Access to the Buddha statue in the middle of the lake is via Lumbini Park (entry Rs 10). Find your way to the jetty, where you need to buy tickets for the boat ride. You can take speedboats around the island, but the only boat which will get you to the island is the standard mechanised boat (adult/child Rs 55/35), from 9 am to 9 pm.

17 m tall, the statue is the tallest monolith of Buddha, and was built in 1992, by the state chief minister, who was inspired by the Statue of Liberty.

Close by is the Birla Temple (Birla Mandir- mandir being the Hindi word for temple), constructed with 2000 tons of pure white marble. Located on a 85 m high hillock, there are good views of the area, including of Hussain Sagar Lake. Cellphones and cameras are not allowed. 

The Birla Temple with its various shrines
Golconda Fort and around
Located 8 km west of the Old City, Golconda Fort was the capital of the Qutb Shahi dynasty. The outer wall measures around 7 km- there's a lot to see inside.

The fort
You can hire a guide at the entrance of the fort. They will show you, for example, the cool acoustics of the fort, feats of engineering, for example the structures are so placed that any sound from a particular point is echoed by the opposite structure and can be heard as far away as the hilltop. 

You can walk to the hilltop, passing by great viewpoints which provide a nice overview of the fort and the city too. Unfortunately, the weather is not always conductive for this, so try to come as soon as the fort opens (9 am) and pray for some cloud cover! 

One of the major structures you will pass by on the way to the top includes the Amber Khana (Royal Granary). Here, an inscription in Persian mentions that the granary was built by Khairad Khan in the year 1642, during the Qutb Shah dynasty.

The inscription

People walk up in the heat, against the backdrop of Hyderabad city

You will then come across a mosque called Ibrahim Mosque, followed by a temple. And then you'll reach the final viewpoint- on one direction will be the fort, on another the city. The boundary walls can be clearly seen.

Overview of the fort
Every evening there's a sound and light show at around 7 pm, where the history of the fort is told. An executive class ticket costs Rs 130, in addition to the price to enter the fort. For Indians, the entry fee is Rs 5 and for foreigners it is Rs 100. A ticket for a video camera is Rs 25. Open from 9 am to 5.30 pm.

Not far away are the Qutb Shahi tombs. These are the seven tombs of the rulers of the Qutb Shahi dynasty. Set in expansive green parkland, these are ideal spots to admire the architecture and escape the crowds (these tombs don't seem to be very touristy).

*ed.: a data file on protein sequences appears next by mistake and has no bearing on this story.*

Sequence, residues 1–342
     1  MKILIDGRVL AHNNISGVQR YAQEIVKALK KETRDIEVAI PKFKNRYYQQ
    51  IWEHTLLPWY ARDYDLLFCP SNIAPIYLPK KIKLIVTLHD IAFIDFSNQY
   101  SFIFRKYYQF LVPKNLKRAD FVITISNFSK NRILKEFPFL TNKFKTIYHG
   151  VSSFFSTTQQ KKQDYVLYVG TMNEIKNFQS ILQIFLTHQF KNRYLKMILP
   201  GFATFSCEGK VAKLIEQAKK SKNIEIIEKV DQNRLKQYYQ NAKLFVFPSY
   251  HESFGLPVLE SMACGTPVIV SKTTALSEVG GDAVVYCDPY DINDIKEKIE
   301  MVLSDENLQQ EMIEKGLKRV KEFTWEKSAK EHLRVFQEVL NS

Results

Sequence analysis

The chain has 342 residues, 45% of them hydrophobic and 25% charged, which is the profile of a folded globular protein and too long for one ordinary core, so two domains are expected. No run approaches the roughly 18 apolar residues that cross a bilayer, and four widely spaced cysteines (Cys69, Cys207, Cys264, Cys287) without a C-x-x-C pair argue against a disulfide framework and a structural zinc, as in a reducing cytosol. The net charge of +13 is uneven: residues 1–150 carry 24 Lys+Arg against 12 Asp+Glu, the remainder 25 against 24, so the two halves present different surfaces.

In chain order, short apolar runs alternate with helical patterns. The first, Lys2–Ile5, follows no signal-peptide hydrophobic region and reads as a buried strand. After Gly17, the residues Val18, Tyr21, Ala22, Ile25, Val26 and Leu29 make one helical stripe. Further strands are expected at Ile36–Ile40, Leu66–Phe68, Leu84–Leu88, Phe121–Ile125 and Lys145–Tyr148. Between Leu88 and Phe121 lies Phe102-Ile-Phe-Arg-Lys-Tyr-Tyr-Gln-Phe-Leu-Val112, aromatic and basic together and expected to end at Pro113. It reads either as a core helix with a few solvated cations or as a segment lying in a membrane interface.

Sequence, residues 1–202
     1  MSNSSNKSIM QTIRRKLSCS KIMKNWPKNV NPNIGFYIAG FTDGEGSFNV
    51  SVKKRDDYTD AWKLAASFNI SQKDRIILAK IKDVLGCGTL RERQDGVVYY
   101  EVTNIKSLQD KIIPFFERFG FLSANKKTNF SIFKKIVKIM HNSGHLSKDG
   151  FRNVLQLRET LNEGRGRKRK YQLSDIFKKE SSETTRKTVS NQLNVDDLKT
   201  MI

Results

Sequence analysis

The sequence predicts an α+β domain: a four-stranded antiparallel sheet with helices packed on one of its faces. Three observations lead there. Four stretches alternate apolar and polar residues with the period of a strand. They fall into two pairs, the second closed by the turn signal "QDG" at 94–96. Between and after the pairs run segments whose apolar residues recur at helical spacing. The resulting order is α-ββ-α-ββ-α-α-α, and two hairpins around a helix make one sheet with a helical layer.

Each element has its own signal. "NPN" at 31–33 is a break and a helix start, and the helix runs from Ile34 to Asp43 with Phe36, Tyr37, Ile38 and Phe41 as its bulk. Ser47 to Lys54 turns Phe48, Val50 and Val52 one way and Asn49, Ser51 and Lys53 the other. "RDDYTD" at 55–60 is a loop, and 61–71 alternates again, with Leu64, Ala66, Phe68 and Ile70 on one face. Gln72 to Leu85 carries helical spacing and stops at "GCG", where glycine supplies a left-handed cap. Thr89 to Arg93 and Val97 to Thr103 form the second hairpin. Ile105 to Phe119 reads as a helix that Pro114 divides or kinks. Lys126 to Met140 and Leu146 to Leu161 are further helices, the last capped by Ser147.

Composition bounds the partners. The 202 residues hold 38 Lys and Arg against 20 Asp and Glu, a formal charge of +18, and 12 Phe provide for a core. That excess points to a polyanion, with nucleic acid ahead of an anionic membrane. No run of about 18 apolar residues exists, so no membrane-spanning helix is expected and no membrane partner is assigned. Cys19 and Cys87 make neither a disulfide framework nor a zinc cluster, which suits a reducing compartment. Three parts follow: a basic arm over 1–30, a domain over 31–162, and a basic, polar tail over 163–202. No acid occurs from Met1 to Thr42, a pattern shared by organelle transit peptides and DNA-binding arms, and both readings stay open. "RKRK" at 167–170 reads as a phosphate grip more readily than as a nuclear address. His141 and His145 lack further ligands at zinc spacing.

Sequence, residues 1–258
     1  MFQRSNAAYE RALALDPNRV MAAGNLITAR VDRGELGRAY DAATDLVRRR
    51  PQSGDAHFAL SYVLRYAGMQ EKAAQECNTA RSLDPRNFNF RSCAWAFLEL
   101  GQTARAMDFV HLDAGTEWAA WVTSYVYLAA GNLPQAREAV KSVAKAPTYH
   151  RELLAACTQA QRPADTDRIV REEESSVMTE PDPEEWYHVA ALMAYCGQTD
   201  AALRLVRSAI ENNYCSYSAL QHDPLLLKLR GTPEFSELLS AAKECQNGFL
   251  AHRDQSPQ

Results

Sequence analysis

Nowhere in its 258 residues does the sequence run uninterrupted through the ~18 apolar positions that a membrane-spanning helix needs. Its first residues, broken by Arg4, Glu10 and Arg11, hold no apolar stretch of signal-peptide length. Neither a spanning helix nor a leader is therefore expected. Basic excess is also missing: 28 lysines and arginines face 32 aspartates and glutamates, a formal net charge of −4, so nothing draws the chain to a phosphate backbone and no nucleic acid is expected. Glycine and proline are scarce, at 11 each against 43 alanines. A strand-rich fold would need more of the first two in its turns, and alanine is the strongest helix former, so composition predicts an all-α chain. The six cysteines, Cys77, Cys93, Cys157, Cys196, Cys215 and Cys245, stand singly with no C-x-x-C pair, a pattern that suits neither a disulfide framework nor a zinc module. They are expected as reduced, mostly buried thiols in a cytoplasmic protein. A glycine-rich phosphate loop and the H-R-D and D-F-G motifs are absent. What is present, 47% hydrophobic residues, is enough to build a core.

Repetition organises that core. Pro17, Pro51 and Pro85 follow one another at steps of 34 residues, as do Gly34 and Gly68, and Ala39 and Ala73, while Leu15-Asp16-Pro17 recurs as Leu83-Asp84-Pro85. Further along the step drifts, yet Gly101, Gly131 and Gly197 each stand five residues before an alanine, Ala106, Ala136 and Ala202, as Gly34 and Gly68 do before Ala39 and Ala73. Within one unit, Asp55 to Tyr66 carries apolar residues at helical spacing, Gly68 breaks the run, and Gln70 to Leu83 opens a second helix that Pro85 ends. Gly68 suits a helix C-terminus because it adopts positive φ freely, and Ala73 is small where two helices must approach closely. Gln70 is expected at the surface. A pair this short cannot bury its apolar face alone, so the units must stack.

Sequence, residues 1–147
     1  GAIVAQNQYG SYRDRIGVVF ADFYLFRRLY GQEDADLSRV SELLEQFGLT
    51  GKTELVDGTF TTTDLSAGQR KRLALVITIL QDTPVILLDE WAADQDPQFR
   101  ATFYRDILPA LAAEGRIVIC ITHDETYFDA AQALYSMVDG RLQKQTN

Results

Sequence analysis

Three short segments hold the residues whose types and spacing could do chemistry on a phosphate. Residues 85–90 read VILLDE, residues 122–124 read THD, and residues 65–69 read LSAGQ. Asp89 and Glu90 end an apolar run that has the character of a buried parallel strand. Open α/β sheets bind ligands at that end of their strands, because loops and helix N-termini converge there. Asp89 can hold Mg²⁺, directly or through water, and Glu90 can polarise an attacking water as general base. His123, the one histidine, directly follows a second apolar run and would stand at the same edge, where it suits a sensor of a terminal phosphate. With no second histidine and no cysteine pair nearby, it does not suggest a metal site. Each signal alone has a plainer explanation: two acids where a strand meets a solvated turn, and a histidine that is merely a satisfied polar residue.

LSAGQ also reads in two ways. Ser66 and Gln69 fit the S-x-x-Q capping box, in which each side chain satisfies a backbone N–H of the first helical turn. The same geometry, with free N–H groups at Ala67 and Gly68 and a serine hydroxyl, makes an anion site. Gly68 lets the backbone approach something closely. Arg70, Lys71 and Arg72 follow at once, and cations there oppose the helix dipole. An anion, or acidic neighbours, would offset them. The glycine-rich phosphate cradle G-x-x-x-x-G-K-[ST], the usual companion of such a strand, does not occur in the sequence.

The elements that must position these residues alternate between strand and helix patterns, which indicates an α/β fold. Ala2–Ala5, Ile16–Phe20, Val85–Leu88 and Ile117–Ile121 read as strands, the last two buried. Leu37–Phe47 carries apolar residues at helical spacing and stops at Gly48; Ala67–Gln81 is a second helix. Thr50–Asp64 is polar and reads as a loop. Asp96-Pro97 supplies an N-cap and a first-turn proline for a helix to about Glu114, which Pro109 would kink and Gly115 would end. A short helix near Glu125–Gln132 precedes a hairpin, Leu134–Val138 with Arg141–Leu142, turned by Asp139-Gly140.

Qutb Shahi Tombs
Unfortunately, maintenance is not top- expect overgrown grass and fading architecture. Particularly in Golconda Fort, people have scribbled their names on the buildings- so the fault is a two-way street.

Great photography spots
- Roads leading to Charminar (get the shots of Charminar along with the chaos of the streets)
- From the compound of Mecca Masjid (get the Charminar with the pigeons)
- Khilwat Mubarak, the main hall of the Chowmahallah Palace (capture the intricate designs)

Great viewpoints
- The compound of Birla Temple, with views of Hussain Sagar Lake
- Going to the highest points of Golconda Fort

We stayed in the Taj Deccan, located in Banjara Hills. Good quality, as you would expect from a business hotel of this standard. Walking distance to a few places in Banjara Hills.

Like many other Indian cities, Hyderabad is particularly renowned for some food items.

Nimrah Cafe, very close to Charminar and Mecca Masjid, is very famous for Irani tea. They also sell biscuits- another of Hyderabad's specialty.

Kebabs and Kurries, located in the ITC Kakatiya Hotel (in Begumpet, close to the western shore of Hussain Sagar Lake). Serves brilliant biriyani and kebabs.

Check out branches of Karachi Bakery and Bikanerwala, such as their branches in Banjara Hills (they are both next to each other). They serve lots of Indian sweets, snacks etc (and good macarons too).

The official and most widely spoken language in Hyderabad is Telugu. However, many people you will come across (such as in restaurants) will speak at least basic English. Do not expect autorickshaw (3-wheelers) drivers to understand English. Guides in tourist attractions may speak good English.

As Urdu is a relatively popular language here, and since Urdu and Hindi are very similar at a conversational level, Hindi speakers will not have a problem being understood in Hyderabad (which is often the case in smaller cities/towns in South India).

Walking, while a great way to get a feel of the city, particularly in the Old City, requires caution in Hyderabad. First, of course, is the weather. Summer sees temperatures beyond 40 degrees Celsius, and above 30 is the norm even up to October (I went in October and it went up to 36 C). Secondly, those pedestrian lights you see serve just for decoration purposes- many (such as in Banjara Hills) never turn green! Cross with caution, and like anywhere in India, do not expect any vehicle to give way.

Hyderabad lacks efficient public transport, and autorickshaws (who may not hesitate to rip off a non-local) are the often the best choice within the city. Taxis cannot be hailed off the streets. Nationwide brands of radio cabs include Meru, EasyCabs and Ola Cabs.

To hire a car + driver for a whole day, try Savaari.

Check in advance if the driver speaks English.

Hyderabad is served by the Rajiv Gandhi International Airport.

Last visit- Oct 2014
No of visits- 1